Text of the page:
In a proactive move to bolster digital resilience, Taiwan’s Ministry of Digital Affairs (moda) recently conducted its first-ever “disaster roaming” drill in collaboration with the nation’s three major telecommunications providers.
This exercise, held as part of the “2023 National Disaster Prevention Day Large-Scale Earthquake Disaster Response Mobilisation Exercise,” showcased the critical role of cross-network roaming in ensuring citizens’ access to basic and secure communication during emergencies.
The concept of “disaster roaming” differs from commercial roaming mechanisms. It is a government-driven initiative designed to ensure uninterrupted communication services for the public during significant disasters or emergencies.
In essence, it allows individuals to connect to operational mobile communication networks of other providers, irrespective of their original contracts. This initiative addresses a fundamental need: maintaining communication rights when they matter most.
The recent disaster roaming exercise took place in the Hsinchu County Sports Complex area, strategically chosen due to its high population density. Notably, the exercise was conducted without disrupting nearby base stations, using a “manual network selection” method to facilitate cross-network roaming.
Participants engaged in practical scenarios, from connecting with loved ones to accessing real-time news updates and evacuation information.
One of the key takeaways from this exercise is the importance of cooperation between moda and telecommunications providers. By developing Standard Operating Procedures (SOPs) and studying international cross-network roaming frameworks, Taiwan aims to further enhance the disaster roaming mechanism.
This forward-looking approach will ensure that the nation’s communication networks remain resilient and robust, even in the face of major disasters.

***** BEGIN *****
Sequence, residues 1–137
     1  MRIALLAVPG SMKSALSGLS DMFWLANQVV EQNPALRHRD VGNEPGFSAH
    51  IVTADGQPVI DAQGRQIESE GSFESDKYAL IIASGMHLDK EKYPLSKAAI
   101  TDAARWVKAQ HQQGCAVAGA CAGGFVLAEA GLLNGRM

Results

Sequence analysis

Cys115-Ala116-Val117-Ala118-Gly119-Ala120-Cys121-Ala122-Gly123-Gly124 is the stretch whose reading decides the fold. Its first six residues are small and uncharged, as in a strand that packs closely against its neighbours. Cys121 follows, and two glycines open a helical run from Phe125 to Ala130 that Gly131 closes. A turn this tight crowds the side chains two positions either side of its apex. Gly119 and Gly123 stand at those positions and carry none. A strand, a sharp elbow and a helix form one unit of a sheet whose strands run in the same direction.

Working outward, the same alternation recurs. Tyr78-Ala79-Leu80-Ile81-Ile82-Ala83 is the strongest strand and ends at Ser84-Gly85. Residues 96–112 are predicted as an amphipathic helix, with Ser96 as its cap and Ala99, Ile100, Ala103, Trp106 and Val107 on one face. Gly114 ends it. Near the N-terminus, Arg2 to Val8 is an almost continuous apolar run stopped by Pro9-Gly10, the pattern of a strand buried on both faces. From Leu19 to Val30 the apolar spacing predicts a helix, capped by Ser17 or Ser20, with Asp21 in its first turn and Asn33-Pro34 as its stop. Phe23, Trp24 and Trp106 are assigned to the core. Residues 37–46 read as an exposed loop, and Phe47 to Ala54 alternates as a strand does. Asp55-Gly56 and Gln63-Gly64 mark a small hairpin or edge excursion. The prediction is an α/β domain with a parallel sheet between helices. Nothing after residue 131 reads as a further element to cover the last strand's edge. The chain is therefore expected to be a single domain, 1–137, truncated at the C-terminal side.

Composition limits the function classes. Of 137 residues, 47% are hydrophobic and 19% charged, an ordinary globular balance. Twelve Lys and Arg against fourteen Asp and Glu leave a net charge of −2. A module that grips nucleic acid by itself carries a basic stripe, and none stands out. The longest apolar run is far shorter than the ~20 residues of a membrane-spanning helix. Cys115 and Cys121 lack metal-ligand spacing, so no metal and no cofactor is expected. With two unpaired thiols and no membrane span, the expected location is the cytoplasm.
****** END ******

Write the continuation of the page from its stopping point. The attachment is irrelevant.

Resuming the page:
The significance of disaster roaming extends beyond mere convenience; it’s about safeguarding citizens’ well-being and ensuring they have access to crucial information during emergencies. This initiative is particularly relevant nowadays as societies become increasingly reliant on digital communication networks for information dissemination, emergency alerts, and coordination during crises.
During her visit to moda, President Tsai Ing-wen underscored the importance of such initiatives in enhancing Taiwan’s overall resilience. In an era where digital connectivity is integral to daily life and critical infrastructure, the ability to maintain communication rights during disasters is paramount.
The disaster roaming programme’s continuation from 2024 to 2025 demonstrates Taiwan’s commitment to preparedness and resilience. By studying global best practices and working closely with domestic telecommunications providers, the country aims to establish a robust disaster response framework. This proactive stance will serve as a model for other nations seeking to enhance their digital resilience.
Reports cited that Taiwan’s disaster roaming initiative stands as a beacon of innovation and preparedness. It reaffirms the government’s commitment to safeguarding its citizens’ communication rights and ensuring that vital information flows even when the unexpected occurs.
Many industries and organisations are subject to regulatory requirements regarding data protection and cybersecurity. Digital resilience helps meet these requirements and avoids legal and financial repercussions.
Also, it ensures that critical government systems and communication networks remain operational during emergencies and can withstand cyber threats from adversaries.
As digital technologies continue to evolve, so too must disaster preparedness strategies. Taiwan’s dedication to enhancing digital resilience through initiatives like disaster roaming demonstrates that the nation is not only adapting to the digital age but also leading the way in ensuring that no one is left disconnected when it matters most.
It is a testament to the nation’s unwavering commitment to the well-being and safety of its citizens, setting a commendable example for the world to follow.
The National Security Agency (NSA) and its federal agency partners have released new guidance concerning a cybersecurity risk posed by deepfakes, a type of synthetic media. This emerging threat poses cybersecurity challenges for National Security Systems (NSS), the Department of Defence (DoD), and organisations within the Defence Industrial Base (DIB).
They have jointly published a Cybersecurity Information Sheet (CSI) titled “Contextualising Deepfake Threats to Organisations” to assist entities in recognising, safeguarding against, and responding to deepfake threats. NSA developed the CSI with the Federal Bureau of Investigation (FBI) and the Cybersecurity and Infrastructure Security Agency (CISA).
The term “deepfake” encompasses multimedia content that has been either artificially created or manipulated through machine learning and deep learning technologies, which are forms of artificial intelligence (AI). Other phrases used to describe such synthetically generated or altered media include “Shallow/Cheap Fakes,” “Generative AI,” and “Computer Generated Imagery (CGI).”